The five core social motives: to belong

In Social Motive’s series on the five core social motives, we explore just what it is that drives us to feel, think and act.

According to social psychologist Dr Susan Fiske, the basis behind our decisions in social situations can be distilled into five core motives: trust, understanding, growing, influencing, and belonging.

Understanding these five core social motives is essential to any situation where we interact with other people; in essence, the five core social motives make up the very fabric of our lives.


To Belong

When I think of belonging I think of kindergarten. I was in a class with Year 1 students, one of them being my best friend Sarah – my best friend until the class was separated for two hours one day and I interacted with my year level. I mean, it wasn’t a harrowing life experience; we played dress ups while Sarah’s cohort did math. Still, it was then I decided it would never work. Different worlds. Romeo and Juliet.

Lunch came, and I was carefully unwrapping my Kinder Surprise. Dairy intolerant, I was only in it for the toy; this left Sarah guaranteed at least half of the milk dome every day.

‘It’s a KINDER surprise,’ I spat, like a certain incensed dictator at a Nuremberg rally. My new friend (follower), whose name I don’t remember now and probably barely knew then, giggled, as we shared my chocolate.

Tiny monsters. Reveling in our shared destruction of a seven-year-old.

Fiske recognises belonging as one of the five core social motives, and it’s not difficult to see why it made the cut. To understand the influence of belonging in our lives, we only need to think about what happens in its absence: tragedies like Columbine are blamed on the sense of isolation, not fitting in – tragedies like High School Musical also share an intrinsic relationship with the significance of belonging.

Belonging is the fundamental core motive that drives us as people; anything that has such bearing on us as human beings, and our interactions within the world, has a relationship with business and marketing that cannot be understated. The emergence of new media has intensified this link: within the digital sphere we are all connected, and often whether we like it or not. I have deleted Facebook but have Facebook messenger attached to my mobile phone number, I recently unfollowed a brand on Instagram; they have sponsored content that remains in my feed. You have heard someone say ‘Damn Daniel’. Even Ron Swanson has a mobile phone. It’s impossible to fully disconnect.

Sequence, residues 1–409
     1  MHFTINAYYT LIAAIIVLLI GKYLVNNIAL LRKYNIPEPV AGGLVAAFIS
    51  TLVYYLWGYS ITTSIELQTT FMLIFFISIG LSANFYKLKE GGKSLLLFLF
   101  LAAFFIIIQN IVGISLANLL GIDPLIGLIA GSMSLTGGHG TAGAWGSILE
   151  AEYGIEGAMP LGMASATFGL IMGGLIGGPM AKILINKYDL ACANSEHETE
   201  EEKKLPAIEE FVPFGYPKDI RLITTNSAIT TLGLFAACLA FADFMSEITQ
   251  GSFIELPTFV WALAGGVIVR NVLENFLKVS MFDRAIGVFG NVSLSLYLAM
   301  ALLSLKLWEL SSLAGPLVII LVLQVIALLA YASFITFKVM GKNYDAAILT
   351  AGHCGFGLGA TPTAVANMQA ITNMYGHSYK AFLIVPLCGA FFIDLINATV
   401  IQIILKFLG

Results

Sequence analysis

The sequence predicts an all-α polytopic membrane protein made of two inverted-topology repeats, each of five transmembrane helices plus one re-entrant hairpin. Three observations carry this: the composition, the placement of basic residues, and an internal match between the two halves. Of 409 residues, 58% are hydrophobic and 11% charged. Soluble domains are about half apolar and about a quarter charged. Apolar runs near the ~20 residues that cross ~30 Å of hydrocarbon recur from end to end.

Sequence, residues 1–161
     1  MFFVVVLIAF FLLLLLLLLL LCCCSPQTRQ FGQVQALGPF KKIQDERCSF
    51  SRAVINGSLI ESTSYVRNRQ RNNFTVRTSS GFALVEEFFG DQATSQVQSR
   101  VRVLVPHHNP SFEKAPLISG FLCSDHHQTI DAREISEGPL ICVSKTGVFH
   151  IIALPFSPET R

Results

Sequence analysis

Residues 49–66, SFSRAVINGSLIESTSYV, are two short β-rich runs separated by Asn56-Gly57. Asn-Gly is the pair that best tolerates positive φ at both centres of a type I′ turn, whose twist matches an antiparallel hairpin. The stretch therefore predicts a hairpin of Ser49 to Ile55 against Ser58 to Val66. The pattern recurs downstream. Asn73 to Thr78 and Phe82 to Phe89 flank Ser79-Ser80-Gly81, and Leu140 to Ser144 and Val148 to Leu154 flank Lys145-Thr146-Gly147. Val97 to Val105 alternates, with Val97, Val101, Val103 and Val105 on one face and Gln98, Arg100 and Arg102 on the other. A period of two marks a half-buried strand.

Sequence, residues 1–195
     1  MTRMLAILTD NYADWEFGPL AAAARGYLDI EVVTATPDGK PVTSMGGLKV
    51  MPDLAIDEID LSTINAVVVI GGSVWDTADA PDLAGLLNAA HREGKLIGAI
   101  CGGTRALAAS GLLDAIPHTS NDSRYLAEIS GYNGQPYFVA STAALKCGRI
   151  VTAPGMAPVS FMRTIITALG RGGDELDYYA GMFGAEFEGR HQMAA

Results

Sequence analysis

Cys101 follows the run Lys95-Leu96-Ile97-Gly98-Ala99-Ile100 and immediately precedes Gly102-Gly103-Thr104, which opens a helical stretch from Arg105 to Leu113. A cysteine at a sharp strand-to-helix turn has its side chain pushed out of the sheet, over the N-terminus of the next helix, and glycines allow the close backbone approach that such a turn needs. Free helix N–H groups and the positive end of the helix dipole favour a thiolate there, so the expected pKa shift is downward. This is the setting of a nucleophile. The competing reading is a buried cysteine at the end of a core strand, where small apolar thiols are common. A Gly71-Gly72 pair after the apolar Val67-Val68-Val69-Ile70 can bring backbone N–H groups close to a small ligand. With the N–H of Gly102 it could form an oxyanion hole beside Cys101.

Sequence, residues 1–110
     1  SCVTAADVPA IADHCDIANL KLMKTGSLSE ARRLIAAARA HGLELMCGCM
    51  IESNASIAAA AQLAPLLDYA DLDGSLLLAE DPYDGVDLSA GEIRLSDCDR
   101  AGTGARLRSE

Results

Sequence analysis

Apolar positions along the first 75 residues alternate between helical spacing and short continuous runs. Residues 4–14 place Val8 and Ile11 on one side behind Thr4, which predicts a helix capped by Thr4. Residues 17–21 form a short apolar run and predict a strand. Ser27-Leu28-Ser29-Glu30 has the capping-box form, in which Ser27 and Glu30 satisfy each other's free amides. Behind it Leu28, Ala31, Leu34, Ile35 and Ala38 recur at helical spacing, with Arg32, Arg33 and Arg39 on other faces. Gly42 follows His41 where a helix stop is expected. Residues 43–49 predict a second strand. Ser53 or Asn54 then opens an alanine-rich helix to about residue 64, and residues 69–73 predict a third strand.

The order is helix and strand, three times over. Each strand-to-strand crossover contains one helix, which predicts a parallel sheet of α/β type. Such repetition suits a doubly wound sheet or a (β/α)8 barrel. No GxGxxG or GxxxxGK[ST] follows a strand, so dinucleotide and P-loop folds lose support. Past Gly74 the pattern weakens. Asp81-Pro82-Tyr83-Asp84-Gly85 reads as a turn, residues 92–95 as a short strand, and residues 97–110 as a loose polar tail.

But, why would we want to? We are at our best when we are connected in social networks; we suffer when we aren’t – even those of us who are anti-online are pulled to it, for the very simple reason that we want to belong. Once upon a time we had no choice but to belong – we had to work together to meet basic needs, such as food and warmth. Then there are the other things we need in life – love, comfort, and meaning – that are all intrinsically linked to our sense of belonging. Working at a call centre, where I spend my day talking to people who often don’t want to talk to me (they just want their missing bread), has illuminated this for me: my sick days tend to fall on the days my two allies are also ‘sick’, or free.


What does this mean for online marketing and business? If consumers are driven to belong, how can we make them? And, as businesses, how do we belong in the online and offline sphere? How do we find our place? What is the marketing version of the culmination of Zac Efron and Vanessa Hudgens singing ‘We’re All In This Together’? It’s simple: create a community.

The online medium has allowed us to redefine centrality. When you are presenting yourself online, more than ever, the power remains in the hands of your audience, the people you are trying to reach. This shouldn’t be intimidating – it’s exciting.

This idea of belonging is fundamental to the way we have always advertised and marketed, the ‘everyone’s doing it’ model of old advertising on TV (before our Instagram feed told us what everyone is actually doing) has evolved into ‘everyone WILL be doing it.’ Even as ourselves, we are representing brands, a walking billboard – Hi, I’m Blah Blah, I go for this football team and this is my favourite show. I study Blah at university, and live in Blah Blah. My favourite drink is Blah and I can often be found sipping it at Blah Blah Blah.

We define ourselves, and how we belong, without even thinking about it. It’s often outlined in our Instagram bios. Be something someone says about themselves: their favourite clothing brand that they can tag in their Instagram flat lay, their favourite coffee place, the cool band they saw on the weekend. We want to belong, that’s the easy part. But as a brand you just have to be something people want to belong to.


Because after all, we go together like dshfogfhweiaselgdwyl

Written by Sophie-Eugenie Dessertaine-Williams